Damage Assessment of the Built Infrastructure using Smartphones

Files in This Item:
File Description SizeFormat 
Damage Assessment of the Built Infrastructure using Smartphones (1).pdf314.19 kBAdobe PDFDownload
SmartphoneCrackDetection.pdf6.18 MBAdobe PDFDownload
Title: Damage Assessment of the Built Infrastructure using Smartphones
Authors: O'Byrne, Michael
Pakrashi, Vikram
Schoefs, Franck
Ghosh, Bidisha
Permanent link: http://hdl.handle.net/10197/10338
Date: 30-Aug-2018
Online since: 2019-05-08T09:09:31Z
Abstract: The use of image-processing and machine-learning algorithms for road condition monitoring has attracted considerable interest in recent years. This surge in popularity has been propelled by advances in camera technology and the emergence of state-of-the-art deep learning techniques which have allowed inspectors to obtain high-quality imagery on a consistent basis, and then use efficient techniques to recognise road defects with credibility. A wide variety of road defect detection techniques have been proposed, however, the influence that different image acquisition devices have on the accuracy of defect detection has not been studied despite being a key component. The use of smartphone cameras as an inspection tool is of particular interest as they have become ubiquitous in recent times and the built-in cameras have progressed significantly. These cameras are now capable of producing perfectly acceptable images, yet they are still not well compared against established benchmarks. In this paper, the qualities of smartphones are explored and compared against a dedicated DSLR (Digital Single-Lens Reflex) camera. An experiment was designed that involved capturing video footage of a road surface using a smartphone (Samsung Galaxy S7) and a dedicated imaging device (Canon 600D DRSL). A deep learning based crack detection method was applied to imagery from the smartphone and the DRSL cameras and the performances levels were subsequently compared. The results indicate that smartphones are a viable, low-cost method for executing quick assessments of the road integrity. The evaluation of smartphone cameras also addresses the ongoing uncertainty around the level of performance that can be achieved using cheaper sensors for quantitative purposes. Such findings provide reassurance for inspectors wishing to use their smartphones for simple monitoring tasks.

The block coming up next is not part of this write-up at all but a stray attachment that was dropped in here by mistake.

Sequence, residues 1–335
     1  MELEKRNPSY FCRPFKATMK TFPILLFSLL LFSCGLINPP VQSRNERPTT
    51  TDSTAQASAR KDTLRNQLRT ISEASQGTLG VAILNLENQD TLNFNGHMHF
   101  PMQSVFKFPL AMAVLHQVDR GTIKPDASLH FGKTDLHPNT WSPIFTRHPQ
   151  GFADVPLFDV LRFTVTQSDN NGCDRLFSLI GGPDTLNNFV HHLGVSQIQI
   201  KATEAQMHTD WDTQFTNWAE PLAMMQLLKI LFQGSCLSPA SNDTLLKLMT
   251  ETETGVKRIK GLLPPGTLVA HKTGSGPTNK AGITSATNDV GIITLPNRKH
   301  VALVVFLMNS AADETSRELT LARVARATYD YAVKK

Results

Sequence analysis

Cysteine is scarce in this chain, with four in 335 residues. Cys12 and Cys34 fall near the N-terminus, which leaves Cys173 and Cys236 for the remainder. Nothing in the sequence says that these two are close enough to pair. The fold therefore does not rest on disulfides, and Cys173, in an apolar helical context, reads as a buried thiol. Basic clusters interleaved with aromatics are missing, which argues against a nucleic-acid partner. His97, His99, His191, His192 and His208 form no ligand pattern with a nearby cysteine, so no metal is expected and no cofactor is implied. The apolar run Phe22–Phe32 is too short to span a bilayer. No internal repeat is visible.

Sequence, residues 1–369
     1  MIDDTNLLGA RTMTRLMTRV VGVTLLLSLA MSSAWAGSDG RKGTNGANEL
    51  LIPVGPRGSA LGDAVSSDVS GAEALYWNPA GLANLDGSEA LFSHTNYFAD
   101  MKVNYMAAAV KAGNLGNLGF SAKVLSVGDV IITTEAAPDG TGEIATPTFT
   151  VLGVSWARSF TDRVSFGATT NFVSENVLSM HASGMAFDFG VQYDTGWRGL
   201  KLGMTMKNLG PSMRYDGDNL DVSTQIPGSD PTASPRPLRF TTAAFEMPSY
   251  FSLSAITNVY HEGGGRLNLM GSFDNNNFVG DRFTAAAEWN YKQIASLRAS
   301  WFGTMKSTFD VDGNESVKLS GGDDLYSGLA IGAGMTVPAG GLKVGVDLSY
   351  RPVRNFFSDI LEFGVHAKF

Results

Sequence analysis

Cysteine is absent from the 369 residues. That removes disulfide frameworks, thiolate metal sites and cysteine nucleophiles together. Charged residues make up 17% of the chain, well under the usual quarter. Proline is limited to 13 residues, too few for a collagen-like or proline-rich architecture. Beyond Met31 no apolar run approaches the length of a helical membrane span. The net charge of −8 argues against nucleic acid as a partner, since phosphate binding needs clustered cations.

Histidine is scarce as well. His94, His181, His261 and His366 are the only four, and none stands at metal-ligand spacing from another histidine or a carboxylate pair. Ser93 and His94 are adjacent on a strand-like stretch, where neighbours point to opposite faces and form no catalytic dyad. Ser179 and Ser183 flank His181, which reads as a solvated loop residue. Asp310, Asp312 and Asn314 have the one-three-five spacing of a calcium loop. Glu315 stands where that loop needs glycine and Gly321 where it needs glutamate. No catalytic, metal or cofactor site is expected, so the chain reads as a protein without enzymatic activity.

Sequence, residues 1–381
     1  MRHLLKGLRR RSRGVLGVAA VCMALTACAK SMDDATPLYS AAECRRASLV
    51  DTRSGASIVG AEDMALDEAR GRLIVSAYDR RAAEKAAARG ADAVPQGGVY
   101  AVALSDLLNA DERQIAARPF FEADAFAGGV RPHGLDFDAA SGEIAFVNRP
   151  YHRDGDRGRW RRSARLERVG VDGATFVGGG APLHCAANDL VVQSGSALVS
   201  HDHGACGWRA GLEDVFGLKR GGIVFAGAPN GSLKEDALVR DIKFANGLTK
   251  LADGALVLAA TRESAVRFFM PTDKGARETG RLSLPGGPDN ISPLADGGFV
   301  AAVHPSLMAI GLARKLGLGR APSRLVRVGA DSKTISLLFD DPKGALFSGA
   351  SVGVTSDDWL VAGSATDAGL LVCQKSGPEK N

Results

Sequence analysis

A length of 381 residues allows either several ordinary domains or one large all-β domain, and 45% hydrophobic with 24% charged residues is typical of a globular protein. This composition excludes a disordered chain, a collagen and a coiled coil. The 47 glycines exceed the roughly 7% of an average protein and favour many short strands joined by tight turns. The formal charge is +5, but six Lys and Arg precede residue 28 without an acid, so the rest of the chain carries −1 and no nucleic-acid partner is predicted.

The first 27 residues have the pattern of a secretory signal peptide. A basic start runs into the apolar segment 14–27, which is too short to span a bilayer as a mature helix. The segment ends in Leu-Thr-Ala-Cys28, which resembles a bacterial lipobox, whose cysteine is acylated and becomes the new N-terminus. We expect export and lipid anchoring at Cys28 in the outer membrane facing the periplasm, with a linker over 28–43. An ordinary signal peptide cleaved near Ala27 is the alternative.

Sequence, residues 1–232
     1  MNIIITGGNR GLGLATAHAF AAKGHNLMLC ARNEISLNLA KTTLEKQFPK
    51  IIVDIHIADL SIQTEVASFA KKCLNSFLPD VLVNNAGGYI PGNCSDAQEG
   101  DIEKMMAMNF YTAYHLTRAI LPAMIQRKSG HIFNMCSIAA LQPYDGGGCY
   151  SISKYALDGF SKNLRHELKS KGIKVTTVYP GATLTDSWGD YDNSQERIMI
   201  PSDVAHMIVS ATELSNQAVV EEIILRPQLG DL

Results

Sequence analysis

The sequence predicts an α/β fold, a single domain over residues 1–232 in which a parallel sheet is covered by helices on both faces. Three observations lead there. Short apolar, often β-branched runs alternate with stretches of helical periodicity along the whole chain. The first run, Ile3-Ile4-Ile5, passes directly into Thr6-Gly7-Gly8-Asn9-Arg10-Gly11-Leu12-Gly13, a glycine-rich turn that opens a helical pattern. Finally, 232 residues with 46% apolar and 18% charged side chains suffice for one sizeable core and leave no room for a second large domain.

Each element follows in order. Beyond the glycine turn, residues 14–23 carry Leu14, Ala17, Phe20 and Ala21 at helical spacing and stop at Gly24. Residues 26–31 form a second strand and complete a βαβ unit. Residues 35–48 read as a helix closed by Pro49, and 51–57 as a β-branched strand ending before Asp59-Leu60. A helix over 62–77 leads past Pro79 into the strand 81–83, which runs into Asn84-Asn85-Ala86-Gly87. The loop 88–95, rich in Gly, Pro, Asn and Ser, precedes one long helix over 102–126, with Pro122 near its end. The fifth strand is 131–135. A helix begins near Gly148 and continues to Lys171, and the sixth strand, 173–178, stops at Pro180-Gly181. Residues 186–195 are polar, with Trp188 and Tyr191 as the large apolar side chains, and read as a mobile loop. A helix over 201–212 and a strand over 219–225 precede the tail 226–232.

Funding Details: Science Foundation Ireland
Type of material: Conference Publication
Publisher: University College Dublin
Keywords: Image-processingRoad condition monitoringCrack detectionSmartphone sensors
Other versions: http://www.cerai.net/
Language: en
Status of Item: Not peer reviewed
Conference Details: Civil Engineering Research in Ireland 2018 (CERI2018), University College Dublin, Ireland, 29-30 August, 2018
Appears in Collections:Mechanical & Materials Engineering Research Collection

Show full item record

Google ScholarTM


This item is available under the Attribution-NonCommercial-NoDerivs 3.0 Ireland. No item may be reproduced for commercial purposes. For other possible restrictions on use please refer to the publisher's URL where this is made available, or to notes contained in the item itself. Other terms may apply.